- Fast Long lens – 70-300mm mark should be fine for local grounds but for larger arenas you'll need something with much more reach. A longer zoom lens will be more useful than a prime as if the ball comes to a fielder near you, a long focal length such as 300mm could miss it.
- Wide-angle lens – 24mm lens will capture the whole scene
- A good portrait lens (medium focal length) is handy to have for shots of the players off the pitch
- Tripod/Monopod – Either is fine to use, however a monopod will give you more freedom to move quickly.
- Remote release – You can set the camera up, watch the action and simply hit the remote when you want to take a shot. It'll also help prevent shake spoiling your shot.
Are you a cricket fan?
If you're a regular spectator at your local club you'll already know when it's a good time to take a shot. If you've not watched that many cricket matches try just spectating at a few before taking your camera along to get a feel for the game first. There's also plenty of magazines and websites out there where you'll be able to see what type of shots other photographers take.
Once you find your spot, try and get somewhere that doesn't have cars and advertisements sitting in the background, it's best to stay put as you'll just get complaints if you keep moving, particularly if you insist on sitting behind the bowler. Keep your eyes on the field too as you really don't want to be hit by a cricket ball.
When you have players in white clothes stood on what the camera sees as a dark background it'll choose to meter for the darker background and you'll end up with players in clothes that are over exposed. As a result you'll need to use exposure compensation to dial down the exposure slightly.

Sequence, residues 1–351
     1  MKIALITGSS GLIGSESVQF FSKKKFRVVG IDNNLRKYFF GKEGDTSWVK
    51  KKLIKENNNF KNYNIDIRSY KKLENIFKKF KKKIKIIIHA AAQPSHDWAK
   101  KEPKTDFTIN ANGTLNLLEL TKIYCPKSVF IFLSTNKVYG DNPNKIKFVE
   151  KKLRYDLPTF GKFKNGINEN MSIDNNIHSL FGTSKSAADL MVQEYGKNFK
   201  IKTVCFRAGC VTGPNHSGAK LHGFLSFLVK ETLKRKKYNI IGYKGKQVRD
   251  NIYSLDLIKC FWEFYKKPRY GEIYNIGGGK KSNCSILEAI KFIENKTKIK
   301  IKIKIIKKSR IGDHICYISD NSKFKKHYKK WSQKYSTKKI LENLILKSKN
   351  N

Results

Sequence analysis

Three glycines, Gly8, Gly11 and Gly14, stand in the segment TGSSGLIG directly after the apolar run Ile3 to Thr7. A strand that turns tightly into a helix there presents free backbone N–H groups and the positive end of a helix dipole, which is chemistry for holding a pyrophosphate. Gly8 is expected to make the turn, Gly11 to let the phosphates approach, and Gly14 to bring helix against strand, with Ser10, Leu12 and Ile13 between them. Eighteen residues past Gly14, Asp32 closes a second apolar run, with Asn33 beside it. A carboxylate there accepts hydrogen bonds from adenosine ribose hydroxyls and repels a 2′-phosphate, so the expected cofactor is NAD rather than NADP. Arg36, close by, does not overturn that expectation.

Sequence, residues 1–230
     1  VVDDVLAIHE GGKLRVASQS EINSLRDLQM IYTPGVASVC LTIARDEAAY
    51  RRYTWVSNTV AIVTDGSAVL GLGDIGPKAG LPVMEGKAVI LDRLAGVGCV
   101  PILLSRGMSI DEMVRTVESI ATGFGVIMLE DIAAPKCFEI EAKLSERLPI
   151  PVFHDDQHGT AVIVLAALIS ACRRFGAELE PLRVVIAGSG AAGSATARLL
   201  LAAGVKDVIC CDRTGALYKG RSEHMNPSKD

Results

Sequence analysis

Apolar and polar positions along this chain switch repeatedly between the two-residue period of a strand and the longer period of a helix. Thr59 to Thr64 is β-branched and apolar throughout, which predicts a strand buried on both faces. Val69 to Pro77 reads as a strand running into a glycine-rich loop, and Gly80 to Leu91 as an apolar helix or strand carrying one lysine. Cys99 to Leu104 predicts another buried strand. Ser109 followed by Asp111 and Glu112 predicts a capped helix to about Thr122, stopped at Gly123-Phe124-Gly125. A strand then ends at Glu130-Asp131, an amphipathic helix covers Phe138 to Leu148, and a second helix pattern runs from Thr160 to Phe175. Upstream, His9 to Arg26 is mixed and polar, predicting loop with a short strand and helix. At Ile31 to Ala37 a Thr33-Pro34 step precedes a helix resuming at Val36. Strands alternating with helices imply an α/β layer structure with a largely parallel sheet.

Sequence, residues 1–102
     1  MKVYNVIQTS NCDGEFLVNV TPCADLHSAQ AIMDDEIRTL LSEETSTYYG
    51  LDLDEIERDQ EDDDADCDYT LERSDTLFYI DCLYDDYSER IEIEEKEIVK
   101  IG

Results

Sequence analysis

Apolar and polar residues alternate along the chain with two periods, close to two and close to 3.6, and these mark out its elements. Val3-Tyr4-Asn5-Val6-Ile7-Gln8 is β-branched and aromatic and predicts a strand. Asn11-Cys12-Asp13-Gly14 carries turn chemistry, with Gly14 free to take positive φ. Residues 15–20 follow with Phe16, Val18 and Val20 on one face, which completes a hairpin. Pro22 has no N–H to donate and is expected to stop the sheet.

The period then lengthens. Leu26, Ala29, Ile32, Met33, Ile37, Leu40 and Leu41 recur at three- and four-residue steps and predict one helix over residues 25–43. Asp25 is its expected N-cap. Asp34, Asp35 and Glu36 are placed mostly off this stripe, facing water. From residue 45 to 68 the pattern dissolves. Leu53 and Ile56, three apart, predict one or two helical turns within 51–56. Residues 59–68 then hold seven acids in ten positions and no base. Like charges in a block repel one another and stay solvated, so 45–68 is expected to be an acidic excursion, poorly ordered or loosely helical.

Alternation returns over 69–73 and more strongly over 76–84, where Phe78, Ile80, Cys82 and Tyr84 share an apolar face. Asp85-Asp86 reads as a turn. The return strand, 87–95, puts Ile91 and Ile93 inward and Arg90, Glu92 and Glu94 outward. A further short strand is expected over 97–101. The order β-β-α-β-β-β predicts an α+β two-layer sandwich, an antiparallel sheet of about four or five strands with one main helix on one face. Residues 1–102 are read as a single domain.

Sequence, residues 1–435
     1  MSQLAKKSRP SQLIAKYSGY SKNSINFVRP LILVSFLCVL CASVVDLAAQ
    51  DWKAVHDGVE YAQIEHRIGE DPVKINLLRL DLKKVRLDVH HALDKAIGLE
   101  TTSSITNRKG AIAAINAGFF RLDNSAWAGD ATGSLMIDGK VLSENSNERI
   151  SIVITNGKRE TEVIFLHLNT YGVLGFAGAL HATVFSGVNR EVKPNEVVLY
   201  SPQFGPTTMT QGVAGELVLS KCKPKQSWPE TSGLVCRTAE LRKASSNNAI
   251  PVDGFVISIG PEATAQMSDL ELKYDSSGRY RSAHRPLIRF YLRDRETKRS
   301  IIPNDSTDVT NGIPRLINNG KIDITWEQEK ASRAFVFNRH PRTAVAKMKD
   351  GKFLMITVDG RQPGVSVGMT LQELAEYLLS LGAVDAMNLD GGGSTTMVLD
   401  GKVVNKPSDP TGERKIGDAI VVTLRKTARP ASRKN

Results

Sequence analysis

Focus and panning
Pre focusing on a spot you know the bowler will step into, as you can do with cars on a track, can help increase your chances of capturing the shot. If you prefer to follow the action try panning with the bowler. For a smooth pan, use your tripod or monopod for support, stand with your feet apart,
keep your bottom half still and turn your upper body, following the bowler's path. Continuous focusing will help keep the bowler sharp and switching to continuous shooting mode will take several shots as you pan through, which will increase your chances of getting the result you're looking for.
Generally you'll need fast shutter speeds to freeze the action but switching to slower speeds (1/30th) will blur the movement on the pitch, exaggerating motion and speed. Blurring the bat as the batsman swings for the ball or capturing the bowlers arm as it swings overhead are popular slow shutter speed shots. Also try getting someone to hold and spin a cricket ball in their hands as the slow shutter speeds will turn the movement into red circular shapes. One point about freezing movement: if you can't get your shutter speeds quick enough try a slightly wider aperture and switch to ISO 400. Later in the day you may need slightly higher ISOs but most modern cameras now have good ISO performance even at the higher ranges.
Off the pitch
Take a look at the names of the players if you want to add captions to your work and don't forget about capturing the odd spectator, batters padding up and the scoreboard so you have shots that sum up the whole cricketing experience.
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- Watch the field – you don't want to look up and find a ball's about to crash into you and your equipment
- Expose manually
- Fast shutter speeds to freeze the action but do experiment with motion blur and slower speeds
- Imagine a clock, put a right-handed batter on six and they're more likely to hit the ball between 12 and 3 o'clock.
- Know your sport